Five Best Tuesday Columns

On humans and computers, 2011 and 1848, and Libya versus Egypt

This article is from the archive of our partner .
  • Jonah Goldberg on the Case Against Public Unions  Writing today in the Los Angeles Times, Goldberg contrasts public unions and private unions. While private unions were borne out of "bloody adversarial" relationships between employers and employees, public unions have "no such narrative," he says. "Do you recall the Great DMV cave-in of 1959? How about the travails of second-grade teachers recounted in Upton Sinclair's famous schoolhouse sequel to 'The Jungle'? No? Don't feel bad, because no such horror stories exist." Goldberg also notes that the government workers were making good money before John F. Kennedy lifted the ban on federal unions in 1962 and that this decision itself was "rankly political," in what would turn out to be a largely successful attempt to expand the liberal coalition in the country. With all this in mind, Goldberg says he wouldn't be too upset if Wisconsin proved to be a death-knell for government unions.
  • Stanley Fish on What Watson Can't Do  In the continuing debate over Watson's significance after its swift victory on Jeopardy, Fish offers his take on Watson's shortcomings today on the New York Times' website. Watson, like the computers we're all using right now, cannot break rules--it can only follow them. No matter how advanced they are, computers are merely collectors of data he says, that have "no holistic sense of context and no ability to to survey possibilities from a contextual perspective." Compare that to the nearly constant human temptation to break rules and rationalize the action--that's a strength, Fish says, not a weakness. While Watson's achievement has been impressive, it comes nowhere near "replicating the achievements of everyday human thought," Fish argues. Watson's triumph makes for great television, but "that's all it is."
  • Arvind Subramanian on the Key Impediment to Arab Democracy  Arvind Subramanian spotlights the key obstacle in the way of real, Middle Eastern democracy: economic rents. Rents are funds a state collects from mostly geographical resources, such as oil or the Suez Canal, he explains at the Financial Times today. Rents keep a country wealthy without having to tax its citizens, relieving much of the pressure for a representative government. Rentier states also tend to be low on "education and skill creation, in turn limiting the pool of entrepreneurial talent," Subramanian notes, with "bloated democracies, weak legal enforcement of property rights, and obstacles for starting businesses, especially for those outside the regime's inner circle." The author argues that the only way for democracy to prevail in the Middle East is for the countries to cut off their dependence on economic rents.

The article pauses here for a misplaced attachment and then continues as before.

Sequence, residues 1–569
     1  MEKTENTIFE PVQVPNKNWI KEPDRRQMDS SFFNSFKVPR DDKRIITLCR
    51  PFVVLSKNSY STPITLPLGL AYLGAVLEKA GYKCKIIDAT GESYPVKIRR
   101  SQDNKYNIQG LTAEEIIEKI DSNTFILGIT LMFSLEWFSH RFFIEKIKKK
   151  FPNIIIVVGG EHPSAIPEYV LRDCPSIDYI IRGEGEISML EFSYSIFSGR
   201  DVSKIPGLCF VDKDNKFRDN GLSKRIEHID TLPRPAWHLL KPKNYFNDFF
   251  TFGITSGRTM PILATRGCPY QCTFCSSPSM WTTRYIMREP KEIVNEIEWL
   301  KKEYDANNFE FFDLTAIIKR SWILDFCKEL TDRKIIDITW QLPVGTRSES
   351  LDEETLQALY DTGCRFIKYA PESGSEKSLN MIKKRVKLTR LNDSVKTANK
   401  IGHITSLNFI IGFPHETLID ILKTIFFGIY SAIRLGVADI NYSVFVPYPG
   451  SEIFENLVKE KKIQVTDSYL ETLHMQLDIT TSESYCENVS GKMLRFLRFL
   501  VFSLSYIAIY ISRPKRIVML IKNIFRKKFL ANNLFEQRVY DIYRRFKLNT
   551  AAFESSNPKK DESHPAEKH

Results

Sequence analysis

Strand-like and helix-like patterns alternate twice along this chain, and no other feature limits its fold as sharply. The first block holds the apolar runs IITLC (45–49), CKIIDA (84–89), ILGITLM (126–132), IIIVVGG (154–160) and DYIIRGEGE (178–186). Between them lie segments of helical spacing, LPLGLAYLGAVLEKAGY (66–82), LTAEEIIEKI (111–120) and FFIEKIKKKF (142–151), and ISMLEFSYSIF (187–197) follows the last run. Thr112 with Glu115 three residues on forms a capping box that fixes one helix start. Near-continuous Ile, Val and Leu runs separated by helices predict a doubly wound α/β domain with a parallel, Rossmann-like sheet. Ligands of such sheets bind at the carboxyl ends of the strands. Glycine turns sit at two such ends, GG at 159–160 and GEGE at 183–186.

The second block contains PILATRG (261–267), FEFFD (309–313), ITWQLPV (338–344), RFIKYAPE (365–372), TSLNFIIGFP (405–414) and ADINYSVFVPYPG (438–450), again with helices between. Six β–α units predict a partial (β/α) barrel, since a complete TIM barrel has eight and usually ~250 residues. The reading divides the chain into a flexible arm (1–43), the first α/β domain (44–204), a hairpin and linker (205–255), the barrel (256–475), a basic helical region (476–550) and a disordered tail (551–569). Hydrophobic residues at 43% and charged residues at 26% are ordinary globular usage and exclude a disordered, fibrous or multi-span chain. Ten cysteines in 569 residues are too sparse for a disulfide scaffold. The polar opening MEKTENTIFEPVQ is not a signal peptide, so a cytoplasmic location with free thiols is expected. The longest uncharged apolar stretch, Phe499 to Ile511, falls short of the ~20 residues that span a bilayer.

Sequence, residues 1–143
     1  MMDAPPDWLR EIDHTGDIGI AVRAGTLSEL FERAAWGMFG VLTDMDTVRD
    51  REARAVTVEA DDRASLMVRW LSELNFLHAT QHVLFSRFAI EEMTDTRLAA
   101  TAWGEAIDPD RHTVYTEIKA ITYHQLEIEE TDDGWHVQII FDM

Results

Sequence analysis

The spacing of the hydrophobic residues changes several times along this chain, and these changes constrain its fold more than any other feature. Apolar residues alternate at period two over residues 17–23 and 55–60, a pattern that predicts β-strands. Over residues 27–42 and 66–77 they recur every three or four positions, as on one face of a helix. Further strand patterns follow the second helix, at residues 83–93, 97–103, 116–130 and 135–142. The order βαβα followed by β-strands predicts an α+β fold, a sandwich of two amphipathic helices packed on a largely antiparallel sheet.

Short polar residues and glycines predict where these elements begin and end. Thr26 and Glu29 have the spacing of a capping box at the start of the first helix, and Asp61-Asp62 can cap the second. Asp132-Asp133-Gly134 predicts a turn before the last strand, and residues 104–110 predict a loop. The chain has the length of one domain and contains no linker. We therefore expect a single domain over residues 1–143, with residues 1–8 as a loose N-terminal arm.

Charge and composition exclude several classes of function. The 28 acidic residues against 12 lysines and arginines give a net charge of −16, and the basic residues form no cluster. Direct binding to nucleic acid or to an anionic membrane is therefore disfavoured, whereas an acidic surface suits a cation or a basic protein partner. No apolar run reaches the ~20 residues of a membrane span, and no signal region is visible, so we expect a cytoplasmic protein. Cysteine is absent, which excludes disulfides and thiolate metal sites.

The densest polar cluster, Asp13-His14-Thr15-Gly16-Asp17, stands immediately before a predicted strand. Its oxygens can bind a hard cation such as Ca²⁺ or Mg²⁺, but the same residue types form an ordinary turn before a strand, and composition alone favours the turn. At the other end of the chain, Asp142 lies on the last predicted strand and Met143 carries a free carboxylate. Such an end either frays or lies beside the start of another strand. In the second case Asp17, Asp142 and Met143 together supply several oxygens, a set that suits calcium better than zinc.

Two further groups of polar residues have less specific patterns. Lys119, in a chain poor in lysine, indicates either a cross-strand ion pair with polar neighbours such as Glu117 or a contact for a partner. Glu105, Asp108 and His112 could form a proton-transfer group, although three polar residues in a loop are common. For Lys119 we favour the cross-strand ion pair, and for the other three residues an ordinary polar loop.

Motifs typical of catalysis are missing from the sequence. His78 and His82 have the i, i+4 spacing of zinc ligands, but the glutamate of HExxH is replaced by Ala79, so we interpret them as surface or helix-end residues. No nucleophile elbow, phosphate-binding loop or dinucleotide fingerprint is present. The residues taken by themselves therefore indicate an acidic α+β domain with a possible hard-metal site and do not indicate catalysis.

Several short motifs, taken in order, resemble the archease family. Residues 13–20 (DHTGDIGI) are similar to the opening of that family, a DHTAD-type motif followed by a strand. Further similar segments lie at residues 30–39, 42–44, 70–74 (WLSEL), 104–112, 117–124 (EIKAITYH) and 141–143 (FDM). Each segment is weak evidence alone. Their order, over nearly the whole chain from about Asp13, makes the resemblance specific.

• Wall Street Journal Editors Urge the U.S. to Help Fight Qaddafi  The editors at the Wall Street Journal are shocked at how little support the U.S. is showing for demonstrators in Libya. "It is hard to believe, but the Obama Administration seemed more eager to topple Egypt's Hosni Mubarak than it has Moammar Gadhafi, who has more American blood on his hands than anyone living other than Osama bin Laden," they observe. The editors argue that if Western countries really want to promote democracy, they should not only throw their support wholeheartedly behind the Libyan people, but provide the protesters with weapons with which to defend themselves. Hundreds of Libyans have already died from attacks by Gadhafi's army, "and the protesters know that if they stop now the regime will kill them and their families." Without the help of Western, particularly American, aid they will be helpless. 
  • Anne Applebaum on the Middle East Uprisings--Like 1848  Though many observing the ongoing Middle East uprisings have compared the street protests to those that took place in Eastern Europe in 1989, The Washington Post's Anne Applebaum argues that today's unrest is actually more similar to the revolutions that took place in multiple European countries in 1848. This is because while the communism-toppling demonstrations in Eastern Europe "followed in the wake of a single political event: the abrupt withdrawal of Soviet support for the local dictator," the Arab revolutions, like their 1848 counterparts, "are the product of multiple changes-economic, technological, demographic--and have taken on a distinctly different flavor and meaning in each country." If the result of the 1848 efforts is any indication of the Middle East's impending outcome, Applebaum notes, a successful revolution may not be in the cards for every country currently experiencing demonstrations. Nevertheless, the sentiment of the period may be folded into the cultures of the various countries.
This article is from the archive of our partner The Wire.